||"dawnbreak in the west"|
Monday, May 09, 2005
A certain Jane, blogging on her site Armies of Liberation, has recently shone a light onto the Yemeni corner of the Jihad, heretofore ignored by the US since the Cole bombing in 1997. Yemen is divided between the self-styled "normative" sort of Muslim - i.e. Shafi'i-inspired Sunnis, who are radicalising to Wahhabism - and a faction of the other sort who are usually first to die when the former sort take charge.
Yemen's minority Muslims, as far as I can tell, are a remnant from the early days of Shi'ism: the Jarudiyya sect of Zaydis. I figured I may as well lay out what I know of Jarudism, which isn't much, so feel free to email me with corrections and clarifications.
We tend to think of Shi'ism in terms of Sufism and Iraqi / Iranian Shi'ism, or at the least Ismailism, for whom there was an orderly procession of Imams with a lineage reaching back to 'Ali. 'Ali was the honorary "brother" of Muhammad, Aaron to the Prophet's Moses, and caliph of the East from 37-41 AH. These Shi'a share mystical and gnostic undertones, to varying extent. They also appeal in theory or in practice to a living or occulted Imam of 'Ali's line.
But to be "Shi'a" literally means only to adhere to the "party" of Muhammad's family. One needn't be Ismaili or a follower of, say, Ayatollah Sistani. Before the latter-day Shi'a dynasties had crystallised, Shi'ism typically meant little more than "organised Arab rival to the Umayyads".
One early branch opted for the sons of Muhammad b. Hanifiyya, said to have been a son of 'Ali; when he died in 81 AH his followers formed a messianic movement called the "Kaysanites". Another branch soon afterward opted for the sons of al-'Abbas, an uncle of the Prophet; this branch allied with Iranian Kaysanites and other Shi'a to drive the Umayyads out of the Near East and to found the 'Abbasid dynasty. Even the Umayyads claimed kinship with the Prophet, through their shared (pagan) ancestor 'Abd Manaf. During the first century AH, there were rival "people of the House" all claiming to be Muhammad's kin, and all claiming to be "Shi'a" more or less.
In the second, "Marwanid" era of Umayyad rule, one such Shi'a line was that of Husayn who was martyred in Kerbala (61 AH). (Again, note that this was not then the strongest Shi'a nor even strongest 'Alid movement; the proto-Kaysanites under al-Mukhtar were far more powerful and successful. The 60s AH Syrian Christian historian John b. Penkaye said a lot about Mukhtar and nothing about Husayn.) Husayn's descendents survived by keeping their heads down. Husayn's son was another 'Ali, nicknamed "Zayn al-'Abidin" (d. 94 AH); and his son was in turn Abu Ja'far Muhammad, "al-Baqir" (d. 116 AH).
Al-Baqir had a brother, named Zayd. Where al-Baqir wished to continue to leave the Umayyads alone (although he delivered many anti-Umayyad traditions, of which more below), Zayd felt that the Umayyads were a corruption in the land that needed shaking off. Later Shi'a claimed that Zayd argued with al-Baqir, although this is unlikely to be historical. At any rate Zayd and a friend, Abu'l-Jarud Ziyad b. al-Mundhir, rebelled against the Umayyads in Kufa. Zayd further received the support of Islamic legal specialists, most notably Sunni Imam Abu Hanifa, 700 - 767 CE (it is notable that just as the Shi'a were more "Sunni" by contrast with today, so proto-Sunnis like Abu Hanifa opposed Umayyad leadership with Shi'a rivals). However in 740 CE the Umayyads put down this revolt at the cost of Zayd's life.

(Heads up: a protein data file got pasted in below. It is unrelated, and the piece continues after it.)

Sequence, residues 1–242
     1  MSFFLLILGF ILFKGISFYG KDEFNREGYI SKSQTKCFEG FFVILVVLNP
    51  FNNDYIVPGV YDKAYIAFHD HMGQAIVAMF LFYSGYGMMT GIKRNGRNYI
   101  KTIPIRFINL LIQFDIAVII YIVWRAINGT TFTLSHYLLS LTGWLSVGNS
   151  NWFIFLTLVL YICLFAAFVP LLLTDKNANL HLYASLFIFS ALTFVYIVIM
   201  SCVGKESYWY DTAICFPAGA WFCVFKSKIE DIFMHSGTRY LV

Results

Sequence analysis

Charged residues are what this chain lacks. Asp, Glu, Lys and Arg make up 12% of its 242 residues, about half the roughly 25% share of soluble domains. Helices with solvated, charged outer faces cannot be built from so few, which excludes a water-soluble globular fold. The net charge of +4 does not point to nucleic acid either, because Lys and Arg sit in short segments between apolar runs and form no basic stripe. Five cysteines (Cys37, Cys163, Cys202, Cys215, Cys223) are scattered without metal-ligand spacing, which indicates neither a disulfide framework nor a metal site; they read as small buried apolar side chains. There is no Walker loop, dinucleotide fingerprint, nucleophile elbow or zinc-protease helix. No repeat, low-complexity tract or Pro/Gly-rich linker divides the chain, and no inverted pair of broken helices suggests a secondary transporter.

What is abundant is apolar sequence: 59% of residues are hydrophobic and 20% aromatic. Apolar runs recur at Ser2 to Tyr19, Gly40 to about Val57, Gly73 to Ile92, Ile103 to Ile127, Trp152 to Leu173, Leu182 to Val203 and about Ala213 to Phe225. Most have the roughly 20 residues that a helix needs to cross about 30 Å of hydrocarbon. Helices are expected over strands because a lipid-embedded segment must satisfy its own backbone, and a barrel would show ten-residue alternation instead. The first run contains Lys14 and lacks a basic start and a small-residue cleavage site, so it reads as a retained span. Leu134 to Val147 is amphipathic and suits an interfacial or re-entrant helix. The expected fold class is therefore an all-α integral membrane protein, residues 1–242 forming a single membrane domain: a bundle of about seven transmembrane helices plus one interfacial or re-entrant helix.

Abu'l-Jarud lived on, and founded the Jarudiyya movement. He apparently continued to rank himself a "Zaydi" by contrast with other Shi'a, who followed al-Baqir and his son Ja'far instead. But Abu'l-Jarud still transmitted a number of al-Baqir's traditions. These can be found in many early Islamic collections, and also in Shi'a tafasir (Qur'anic commentaries), e.g. of al-Qummi and al-Tabarsi.
In Jarudi thought, Husayn's descendents deserve the Imamate but his line need not. For example (or so I must presume) al-Baqir was certainly wise, honest, and worthy of trust; but he was also docile, and so unworthy of the political deference due his brother.
The Zaydis, like Sunnis and unlike other surviving Shi'a groups, do not believe that their Imams are infallible. Zaydi law further shares with the Hanafi branch of Sunnism a high respect for al-Baqir and adherence to the legal precepts of Kufa as of the late Umayyad era. Some non-Jarudi Zaydis go so far as to accept the caliphate of 'Umar, on the grounds that 'Ali had voluntarily abdicated - implicitly separating the duties of faith (Imam 'Ali) and command (Amir 'Umar). As a result, there are those who consider Yemeni Zaydism a "fifth school" of Sunnism; although that particular site is vague as to whether the Zaydis say this of themselves.
The Zaydi support for rebellion against tyranny seems violent on its face; but keep in mind that the American system of elections is a means for rebellion as well - and kept nonviolent only by threat of the Second Amendment. If the Zaydis "domesticated" this ethic by means of a constitutional system, this would allow for a more democratic form of politics than is traditional to more monarchical forms of Shi'ism such as, e.g., the 'Abbasids (if you count them) and Fatimids.
The Zaydis ended up in Yemen and there ran an Imamate, a sort of caliphate, until a revolution upended their rule in the 1960s. Apparently the Zaydis are now considered "un-Islamic" and slated for destruction.
This would be a shame for those who prefer their Islam pluralistic. It would be tragic for historians; because the Zaydis probably have an extensive and ancient literature, mostly independent of other Shi'a and Sunni movements, and I doubt it's all been published yet.
UPDATE 5/16: reciprocal link from Jane (thanks!). This post is revised to keep current with better information received since then.
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